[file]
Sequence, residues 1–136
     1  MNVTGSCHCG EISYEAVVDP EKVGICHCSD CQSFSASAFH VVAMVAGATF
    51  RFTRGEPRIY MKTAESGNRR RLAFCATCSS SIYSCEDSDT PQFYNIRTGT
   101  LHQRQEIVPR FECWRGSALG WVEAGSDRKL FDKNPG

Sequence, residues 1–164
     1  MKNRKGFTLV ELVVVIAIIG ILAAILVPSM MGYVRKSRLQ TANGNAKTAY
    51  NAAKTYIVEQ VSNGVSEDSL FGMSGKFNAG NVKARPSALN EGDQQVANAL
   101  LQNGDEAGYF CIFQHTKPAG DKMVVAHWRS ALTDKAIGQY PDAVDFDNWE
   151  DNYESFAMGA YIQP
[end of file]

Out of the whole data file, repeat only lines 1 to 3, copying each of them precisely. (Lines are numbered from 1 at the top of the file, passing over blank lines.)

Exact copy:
Sequence, residues 1–136
     1  MNVTGSCHCG EISYEAVVDP EKVGICHCSD CQSFSASAFH VVAMVAGATF
    51  RFTRGEPRIY MKTAESGNRR RLAFCATCSS SIYSCEDSDT PQFYNIRTGT